This channel is public, which means you'll still be able to read this without being logged into the banned account - If I am wrong, then I do truly apologise. If you would like to contribute to or discuss javaparser, do feel free to message me directly about removing the ban.

For now, however, we really must draw a line under this, and return to javaparser-related chat.

Federico Tomassetti
@ftomassetti
Thank you. I hope we can go back to helping people. I am sorry for those who got annoyed by this
Roger Howell
@MysterAitch

Oh wow, the junit from the sample projects is really outdated!

Oops, yeah.. that's the version intellij inputted by default when creating a gradle project!

re: the comments / the content of the sample project, I was lazy and just copied across the maven sample :wink:

both could probably use an update though :)

Danny van Bruggen
@matozoid
Yeah, I'm aware I made the errors in the comments ;-)
Roger Howell
@MysterAitch
haha, sorry -- I didn't mean it like that! my bad!
Danny van Bruggen
@matozoid
Just kidding
(I made worse errors :-# )
mdproctor
@mdproctor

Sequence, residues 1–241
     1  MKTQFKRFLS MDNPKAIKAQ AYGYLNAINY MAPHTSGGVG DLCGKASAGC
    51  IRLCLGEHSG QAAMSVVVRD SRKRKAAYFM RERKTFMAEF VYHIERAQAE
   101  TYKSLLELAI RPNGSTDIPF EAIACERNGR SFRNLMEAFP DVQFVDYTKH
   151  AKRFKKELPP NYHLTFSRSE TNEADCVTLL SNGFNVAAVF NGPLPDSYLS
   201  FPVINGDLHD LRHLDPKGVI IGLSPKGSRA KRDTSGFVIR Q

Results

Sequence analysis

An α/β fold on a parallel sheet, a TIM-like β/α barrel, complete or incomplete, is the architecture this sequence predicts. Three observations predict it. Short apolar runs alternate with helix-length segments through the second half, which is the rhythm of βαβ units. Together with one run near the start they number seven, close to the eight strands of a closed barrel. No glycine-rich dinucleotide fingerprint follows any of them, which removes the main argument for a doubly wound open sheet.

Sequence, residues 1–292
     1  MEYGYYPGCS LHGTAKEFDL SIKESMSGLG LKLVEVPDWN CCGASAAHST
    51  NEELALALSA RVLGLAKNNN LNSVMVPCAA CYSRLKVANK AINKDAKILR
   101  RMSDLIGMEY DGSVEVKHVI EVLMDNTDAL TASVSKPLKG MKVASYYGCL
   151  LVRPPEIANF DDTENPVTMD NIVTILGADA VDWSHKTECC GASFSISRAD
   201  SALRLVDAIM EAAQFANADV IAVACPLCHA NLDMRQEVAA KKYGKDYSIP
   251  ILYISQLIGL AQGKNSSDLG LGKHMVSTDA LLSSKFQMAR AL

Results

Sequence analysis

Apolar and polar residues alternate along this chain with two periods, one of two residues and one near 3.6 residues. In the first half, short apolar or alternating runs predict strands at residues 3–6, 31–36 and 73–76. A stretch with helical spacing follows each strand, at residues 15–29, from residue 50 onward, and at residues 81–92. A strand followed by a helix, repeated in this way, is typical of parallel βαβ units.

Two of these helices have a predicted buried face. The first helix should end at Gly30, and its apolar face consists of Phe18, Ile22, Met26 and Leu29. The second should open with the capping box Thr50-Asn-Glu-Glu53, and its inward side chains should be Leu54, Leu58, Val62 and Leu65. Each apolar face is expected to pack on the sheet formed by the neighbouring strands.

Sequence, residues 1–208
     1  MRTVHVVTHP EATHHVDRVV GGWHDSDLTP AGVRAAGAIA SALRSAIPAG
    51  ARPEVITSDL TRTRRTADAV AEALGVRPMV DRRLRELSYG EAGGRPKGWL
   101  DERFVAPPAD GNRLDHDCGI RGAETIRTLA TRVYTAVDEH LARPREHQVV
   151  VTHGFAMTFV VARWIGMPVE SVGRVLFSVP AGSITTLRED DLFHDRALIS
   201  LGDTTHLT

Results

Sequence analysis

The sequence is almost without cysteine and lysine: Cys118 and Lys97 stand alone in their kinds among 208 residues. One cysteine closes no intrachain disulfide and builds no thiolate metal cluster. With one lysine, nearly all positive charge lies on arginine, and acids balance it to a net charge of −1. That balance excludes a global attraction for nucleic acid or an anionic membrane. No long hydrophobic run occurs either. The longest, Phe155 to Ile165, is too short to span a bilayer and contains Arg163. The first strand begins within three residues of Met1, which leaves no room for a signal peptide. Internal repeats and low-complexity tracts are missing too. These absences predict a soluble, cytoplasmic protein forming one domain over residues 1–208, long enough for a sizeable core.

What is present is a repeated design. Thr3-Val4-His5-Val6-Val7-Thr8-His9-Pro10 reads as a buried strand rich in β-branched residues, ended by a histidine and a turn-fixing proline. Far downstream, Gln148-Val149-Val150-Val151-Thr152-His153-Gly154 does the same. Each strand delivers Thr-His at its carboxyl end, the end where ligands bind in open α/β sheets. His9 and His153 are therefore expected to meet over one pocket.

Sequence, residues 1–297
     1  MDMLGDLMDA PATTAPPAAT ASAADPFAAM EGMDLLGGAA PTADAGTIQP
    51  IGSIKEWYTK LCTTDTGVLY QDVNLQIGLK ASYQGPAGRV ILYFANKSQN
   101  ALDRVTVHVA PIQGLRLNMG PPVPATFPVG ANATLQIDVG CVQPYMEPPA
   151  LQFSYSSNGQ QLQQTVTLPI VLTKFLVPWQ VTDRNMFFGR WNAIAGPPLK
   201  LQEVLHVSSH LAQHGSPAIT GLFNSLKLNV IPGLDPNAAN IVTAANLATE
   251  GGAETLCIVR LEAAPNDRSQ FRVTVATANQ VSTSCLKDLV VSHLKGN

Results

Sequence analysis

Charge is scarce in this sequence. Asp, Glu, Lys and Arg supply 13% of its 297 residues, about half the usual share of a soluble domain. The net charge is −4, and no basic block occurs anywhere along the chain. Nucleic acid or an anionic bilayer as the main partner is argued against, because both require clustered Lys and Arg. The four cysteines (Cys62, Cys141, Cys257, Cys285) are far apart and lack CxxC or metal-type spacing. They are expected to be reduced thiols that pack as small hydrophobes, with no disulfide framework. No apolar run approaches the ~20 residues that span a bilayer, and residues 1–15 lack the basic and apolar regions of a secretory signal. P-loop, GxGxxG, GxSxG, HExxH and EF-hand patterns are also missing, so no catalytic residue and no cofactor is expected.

@MysterAitch @Betty-Wong @ftomasse_twitter my general concern here is less about finding random people and telling them to be nice (because people can do what they want in their own space) but more about the risk assessment on adoption any technology within my organization. By risk I mean does it have a healthy community, beyond a single person - we do not want to be on the hook to owning and maintain something ourselves if the lead developer stops doing it. In the case of JacaCC21 it's a single person project with no community, so that's potentially a huge risk for us. So then I had to evaluate on whether this technology is potentially interesting, if we could grow that community. In the case of JavaCC21, I saw the potential, but the behaviour was extreme and this would mean the community will not grow. I tried to coach, it made things worse. So without a current path forward to growing a community, the risk is too high for us. Now maybe he makes enough progress that people find his work interesting (he needs to get recovery and LSP working to be of real interest) and with that confidence he starts to calm down... I dunno. for now I'll avoid wasting time there. I think it's a shame, the project clearly has a lot to offer, and he has a lot of passion. but he's fighting shadow demons of his own imagination.